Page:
Category Archives: Uncategorized

Tobias Walther chosen as HHMI Investigator

Tobias_WaltherCongratulations to Tobias Walter, who was chosen from a group of 894 eligible applicants to be one of 26 newly-minted Howard Hughes Medical Institute (HHMI) Investigators!  HHMI investigators will receive the flexible support necessary to move their research in creative new directions. The initiative represents an investment in basic biomedical research of $153 million over the next five years.

The scientists represent 19 institutions from across the United States. The new HHMI investigators – which include three current HHMI early career scientists — were selected for their individual scientific excellence.

HHMI will provide each investigator with his or her full salary, benefits, and a research budget over their initial five-year appointment. The Institute will also cover other expenses, including research space and the purchase of critical equipment. Their appointment may be renewed for additional five-year terms, each contingent on a successful scientific review.

HHMI encourages its investigators to push their research fields into new areas of inquiry. By employing scientists as HHMI investigators — rather than awarding them research grants — the Institute is guided by the principle of “people, not projects.” HHMI investigators have the freedom to explore and, if necessary, to change direction in their research. Moreover, they have support to follow their ideas through to fruition — even if that process takes many years.

Why Public Health? Selasi Dankwa

Selasi-DankwaIn our series “Why Public Health?” we ask Harvard T.H. Chan School of Public Health students and alumni to talk about what drew them to the field. Selasi Dankwa, PhD ’15, took an early interest in infectious diseases like malaria and cholera, a part of everyday life in her home country of Ghana. At Harvard Chan School, she studies the parasites that cause malaria infection. Now she envisions taking her skills and knowledge and returning to Ghana to “make a difference.”

See the video here: Why Public Health? Selasi Dankwa

Malaria parasite’s essential doorway into red blood cells illuminated

malaria Manoj

Malaria parasites infect red blood cells cultured from stem cells

Boston, MA – Researchers at Harvard T. H. Chan School of Public Health and the Broad Institute have identified a protein on the surface of human red blood cells that serves as an essential entry point for invasion by the malaria parasite. The presence of this protein, called CD55, was found to be critical to the Plasmodium falciparum parasite’s ability to attach itself to the red blood cell surface during invasion. This discovery opens up a promising new avenue for the development of therapies to treat and prevent malaria.

Plasmodium falciparum malaria parasites have evolved several key-like molecules to enter into human red blood cells through different door-like host receptors. Hence, if one red blood cell door is blocked, the parasite finds another way to enter,” said senior author Manoj Duraisingh, John LaPorte Given Professor of Immunology and Infectious Diseases at Harvard Chan. “We have now identified an essential host factor which when removed prevents all parasite strains from entering red blood cells.”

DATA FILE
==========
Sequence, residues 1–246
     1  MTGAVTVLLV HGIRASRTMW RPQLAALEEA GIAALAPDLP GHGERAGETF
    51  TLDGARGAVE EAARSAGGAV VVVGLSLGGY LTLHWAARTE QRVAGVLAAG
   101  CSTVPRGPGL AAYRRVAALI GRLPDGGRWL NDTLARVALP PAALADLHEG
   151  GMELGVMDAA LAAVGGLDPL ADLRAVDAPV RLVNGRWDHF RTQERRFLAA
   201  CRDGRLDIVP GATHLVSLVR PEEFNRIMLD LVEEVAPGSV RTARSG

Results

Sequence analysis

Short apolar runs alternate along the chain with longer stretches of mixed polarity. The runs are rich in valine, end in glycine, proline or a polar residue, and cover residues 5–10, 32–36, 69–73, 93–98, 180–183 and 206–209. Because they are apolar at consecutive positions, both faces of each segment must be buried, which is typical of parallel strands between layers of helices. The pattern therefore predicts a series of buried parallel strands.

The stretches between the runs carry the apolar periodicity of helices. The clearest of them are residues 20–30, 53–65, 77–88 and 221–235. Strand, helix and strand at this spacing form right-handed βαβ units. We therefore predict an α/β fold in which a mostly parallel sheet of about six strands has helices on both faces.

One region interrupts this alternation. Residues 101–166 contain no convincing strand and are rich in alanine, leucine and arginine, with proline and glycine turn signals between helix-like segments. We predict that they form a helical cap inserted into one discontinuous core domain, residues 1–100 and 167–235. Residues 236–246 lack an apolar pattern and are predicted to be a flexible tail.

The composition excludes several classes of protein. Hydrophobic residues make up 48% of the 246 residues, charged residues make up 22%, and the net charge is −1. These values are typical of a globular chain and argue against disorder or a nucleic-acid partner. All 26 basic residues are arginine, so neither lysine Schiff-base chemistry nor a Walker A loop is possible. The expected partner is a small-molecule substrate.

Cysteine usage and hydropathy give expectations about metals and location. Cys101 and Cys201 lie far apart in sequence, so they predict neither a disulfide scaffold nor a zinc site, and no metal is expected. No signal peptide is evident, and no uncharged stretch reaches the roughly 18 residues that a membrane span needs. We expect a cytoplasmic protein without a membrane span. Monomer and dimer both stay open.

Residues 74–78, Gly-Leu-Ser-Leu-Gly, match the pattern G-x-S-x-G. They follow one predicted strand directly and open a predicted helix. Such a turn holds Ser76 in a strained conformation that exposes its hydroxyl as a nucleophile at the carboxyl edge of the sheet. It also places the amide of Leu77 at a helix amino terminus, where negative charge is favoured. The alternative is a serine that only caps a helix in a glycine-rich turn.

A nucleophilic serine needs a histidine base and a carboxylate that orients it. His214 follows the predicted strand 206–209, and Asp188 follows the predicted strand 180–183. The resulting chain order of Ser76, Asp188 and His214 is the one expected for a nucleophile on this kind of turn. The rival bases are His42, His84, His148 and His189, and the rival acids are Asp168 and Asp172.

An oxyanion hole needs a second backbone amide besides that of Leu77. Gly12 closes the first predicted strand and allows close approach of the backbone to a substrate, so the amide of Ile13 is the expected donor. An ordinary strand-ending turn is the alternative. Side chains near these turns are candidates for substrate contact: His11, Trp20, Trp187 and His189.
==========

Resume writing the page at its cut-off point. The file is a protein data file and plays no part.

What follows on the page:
The five-year study was carried out in collaboration with labs at Harvard Medical School and the Broad Institute. It appears online May 7, 2015 in Science.

Severe malaria is one of the leading causes of mortality among children globally. During infection, parasites invade and replicate within red blood cells. With resistance to malaria drugs increasing, researchers are desperate to find new ways to prevent and treat the disease.

Lead author Elizabeth Egan, research fellow in the Department of Immunology and Infectious Diseases at Harvard Chan and instructor in pediatrics at Boston Children’s Hospital, and colleagues developed a new technique to tap into a relatively unexplored area — identifying characteristics of a host red blood cell that make it susceptible to the parasites. Red blood cells are difficult targets for such efforts as they lack a nucleus, which makes genetic manipulation impossible.

The researchers transformed stem cells into red blood cells, which allowed them to conduct a genetic screen for host determinants of P. falciparum infection. They found that malaria parasites failed to attach properly to the surface of red blood cells that lacked CD55. The protein was required for invasion in all tested strains of the parasite, including those developed in a laboratory as well as those isolated from patients, making it a primary candidate for intervention.

“The discovery of CD55 as an essential host factor for P. falciparum raises the intriguing possibility of host-directed therapeutics for malaria, as is used in HIV,” said Egan. “CD55 also gives us a hook with which to search for new parasite proteins important for invasion, which could serve as vaccine targets.”

This study was supported by a Gates Foundation Grand Challenges Exploration Award OPP1035276 (M.T.D.), National Institutes of Health (NIH) grant R01AI091787 (M.T.D.), a Pediatric Scientist Development Program Fellowship from the Eunice Kennedy Shriver National Institute of Child Health and Human Development K12-HD000850 (E.S.E), NIH grant K08 1K08AI103034-01A1 (E.S.E.), Boston Children’s Hospital Faculty Development Award (E.S.E.), NIH grant K01DK098285 (J.A.P.), and the Cambridge Biomedical Research Center, UK (M.P.W. and L.V.N.).

“A forward genetic screen identifies erythrocyte CD55 as essential for Plasmodium falciparum invasion,” Elizabeth S. Egan, Rays H.Y. Jiang, Mischka A. Moechtar, Natasha S. Barteneva, Michael P. Weekes, Luis V. Nobre, Steven P. Gygi, Joao A. Paulo, Charles Frantzreb, Yoshihiko Tani, Junko Takahashi, Seishi Watanabe, Jonathan Goldberg, Aditya S. Paul, Carlo Brugnara, David E. Root, Roger C. Wiegand, John G. Doench, Manoj T. Duraisingh, Science, online May 7, 2015

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Todd Datz

World Malaria Day forum explores public-private partnerships